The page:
Lennon livid at Celtic collapse

Neil Lennon blamed “slapstick defending” for his Celtic side dropping two Clydesdale Bank Premier League points at home for the second week running.

Neil Lennon blamed “slapstick defending” for his Celtic side dropping two Clydesdale Bank Premier League points at home for the second week running.

The Hoops boss was raging after conceding an injury-time equaliser to Dundee United last week and watched in disbelief again as they passed up on the chance to leapfrog rivals Rangers at the top of the table after being two goals clear against Inverness and seemingly cruising.

Ki Sung-yueng had given the home side the interval lead before substitute Paddy McCourt, on early for injured skipper Shaun Maloney, scored a wonderful solo second in the 65th minute.

However, a lapse by Hoops’ defenders Daniel Majstorovic and Thomas Rogne five minutes later allowed Richie Foran to reduce the deficit before Grant Munro levelled from close range to keep Celtic two points behind Rangers who have a game in hand.

“It was worse than deja vu,” Lennon said. “I am absolutely livid. It’s not the goals, it’s the manner of the goals we lost from a very strong position.

“We were two nil up and looking comfortable. It’s a bit of complacency, slackness, lack of concentration and it’s not good enough.

“You can’t afford to do that at any level, never mind this level.

“The first goal is slapstick defending.

“It’s two centre halves who are pretty consistent but who just give a simple goal away without the opposition having to work for it.

“That goal deflated the team and players have to hold their hands up and take responsibility sometimes.

“The goals we are giving away at the moment is calamitous and we have to deal with that very quickly.

“It’s starting to creep in and it’s something that we have to eradicate very quickly.

“We are obviously not getting the message through.”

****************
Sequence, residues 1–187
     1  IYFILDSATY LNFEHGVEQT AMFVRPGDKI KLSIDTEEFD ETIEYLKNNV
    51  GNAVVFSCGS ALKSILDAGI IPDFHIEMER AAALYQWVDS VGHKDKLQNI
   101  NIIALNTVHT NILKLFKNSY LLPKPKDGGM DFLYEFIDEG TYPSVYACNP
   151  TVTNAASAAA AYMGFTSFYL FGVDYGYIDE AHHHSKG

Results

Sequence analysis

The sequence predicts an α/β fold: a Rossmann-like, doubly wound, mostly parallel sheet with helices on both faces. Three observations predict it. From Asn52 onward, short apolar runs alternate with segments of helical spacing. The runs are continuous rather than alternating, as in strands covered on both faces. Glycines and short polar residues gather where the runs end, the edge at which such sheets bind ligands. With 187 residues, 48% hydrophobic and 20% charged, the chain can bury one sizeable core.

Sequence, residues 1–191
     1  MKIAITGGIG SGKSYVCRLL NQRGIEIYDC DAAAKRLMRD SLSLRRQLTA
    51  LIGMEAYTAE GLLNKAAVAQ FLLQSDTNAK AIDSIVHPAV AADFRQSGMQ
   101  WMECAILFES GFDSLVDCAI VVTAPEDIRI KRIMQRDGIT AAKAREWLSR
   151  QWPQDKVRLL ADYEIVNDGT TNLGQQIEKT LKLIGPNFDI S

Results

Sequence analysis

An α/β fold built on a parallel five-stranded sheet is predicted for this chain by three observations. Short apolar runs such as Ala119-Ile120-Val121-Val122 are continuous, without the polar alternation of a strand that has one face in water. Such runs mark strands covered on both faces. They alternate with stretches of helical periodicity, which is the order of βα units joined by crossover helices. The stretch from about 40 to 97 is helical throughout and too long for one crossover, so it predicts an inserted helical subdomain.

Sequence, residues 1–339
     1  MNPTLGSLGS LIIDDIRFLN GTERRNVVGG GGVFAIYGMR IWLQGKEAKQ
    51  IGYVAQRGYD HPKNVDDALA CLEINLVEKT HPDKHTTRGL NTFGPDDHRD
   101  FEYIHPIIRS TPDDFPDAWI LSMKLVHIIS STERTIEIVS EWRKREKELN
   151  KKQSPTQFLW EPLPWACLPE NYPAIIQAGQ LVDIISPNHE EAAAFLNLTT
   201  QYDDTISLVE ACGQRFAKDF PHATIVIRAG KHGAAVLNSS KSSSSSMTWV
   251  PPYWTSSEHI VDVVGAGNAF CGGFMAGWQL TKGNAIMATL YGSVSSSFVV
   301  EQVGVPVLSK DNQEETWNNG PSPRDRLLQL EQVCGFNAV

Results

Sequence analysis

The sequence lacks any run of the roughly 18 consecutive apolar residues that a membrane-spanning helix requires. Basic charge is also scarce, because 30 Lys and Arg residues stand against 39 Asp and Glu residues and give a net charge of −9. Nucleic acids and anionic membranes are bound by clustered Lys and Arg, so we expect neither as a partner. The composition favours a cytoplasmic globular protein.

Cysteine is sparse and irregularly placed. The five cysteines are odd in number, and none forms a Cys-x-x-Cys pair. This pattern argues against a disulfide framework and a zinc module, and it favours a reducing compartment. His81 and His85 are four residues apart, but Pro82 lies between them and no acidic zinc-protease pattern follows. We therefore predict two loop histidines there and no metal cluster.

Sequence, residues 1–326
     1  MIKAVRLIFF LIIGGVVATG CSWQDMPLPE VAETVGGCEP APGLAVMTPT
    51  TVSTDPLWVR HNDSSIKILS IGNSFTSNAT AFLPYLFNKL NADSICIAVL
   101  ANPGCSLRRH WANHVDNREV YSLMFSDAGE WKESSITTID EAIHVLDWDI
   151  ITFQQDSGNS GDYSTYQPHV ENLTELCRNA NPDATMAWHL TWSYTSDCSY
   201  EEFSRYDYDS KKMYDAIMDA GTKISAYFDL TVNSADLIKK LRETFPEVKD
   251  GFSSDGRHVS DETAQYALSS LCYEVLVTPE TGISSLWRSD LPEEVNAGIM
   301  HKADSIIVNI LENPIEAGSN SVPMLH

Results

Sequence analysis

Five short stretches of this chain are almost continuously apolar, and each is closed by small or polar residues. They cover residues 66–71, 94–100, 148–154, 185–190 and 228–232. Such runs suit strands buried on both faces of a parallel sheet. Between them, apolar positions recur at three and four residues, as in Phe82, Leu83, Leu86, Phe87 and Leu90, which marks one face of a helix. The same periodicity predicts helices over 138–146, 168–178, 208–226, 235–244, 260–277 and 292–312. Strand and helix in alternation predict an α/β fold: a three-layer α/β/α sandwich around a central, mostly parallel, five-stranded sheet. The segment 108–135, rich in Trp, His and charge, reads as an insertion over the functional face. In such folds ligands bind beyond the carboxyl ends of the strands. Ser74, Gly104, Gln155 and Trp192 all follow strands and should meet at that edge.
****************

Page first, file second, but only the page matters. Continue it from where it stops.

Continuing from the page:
Much of the attention was focused on referee Alain Hamer and his officials who flew in from Luxembourg to take charge of the game after grade Scotland’s grade one officials called a strike as a protest about increasing criticism, much of which had come from the Parkhead club.

Hoops striker Daryl Murphy had the ball in the net in the first half only to be ruled offside but Lennon had no complaints.

He said: “I haven’t seen the incident again but I can’t point the finger at that for the reason why we dropped points today.

“The referee did fine, I have no qualms with him.

“We were poor through the spine of the team, particularly in the second half.

“I should be sitting here talking about Paddy McCourt but I’m not and if anyone should be upset it’s Paddy.”

McCourt agreed with Lennon’s assessment that there is a mental toughness missing from the squad.

“I am not even thinking about my goal, I am just disappointed about the two points dropped,” the Irishman said.

“You would have thought we would have learned our lesson from last week but obviously not so there was a very dejected dressing room.

“It would be silly to say that there wasn’t a lack of mental toughness when all the evidence is pointing towards that.

“Instead of getting the ball down and passing it we did seem to panic and I include myself in that and it did get scrappy.

“It’s something that we will have to rectify over the coming weeks.”

Caley boss Terry Butcher, whose side have now gone a year unbeaten on the road in the league, revealed the struggle to get through the snow and down from the Highlands.

“It’s 52 weeks now, we will try to make it through to the end of 2010,” the former Rangers defender said.

“But we had the journey from hell today. I live up in the hills now and left the house at 7am when there was a foot of snow.

“I was coming down the hill to Loch Ness and it was scary. We left Inverness at 8.30am and got here just at 2pm when the team sheets had to be in.

“We rushed to get to the pre-match meal, rushed to get here, rushed to get on to the pitch, so no wonder we didn’t play well in the first half.

“But the players don’t moan, they are no histrionics, no Billy-big timers, there is a real good spirit.

“The players get the duvets, the pillows and get on the bus, they just get on with it.

“There’s a lot of mutual respect between the lads, they are a strong unit.

“There is a lot of belief about us and it showed.”

On Hamer’s performance, Butcher said: “I wanted the referee to be anonymous and he was.

“I hope that the headlines are about our performance and the game which it should be.

“If the referee is anonymous, then he has had a great game.”

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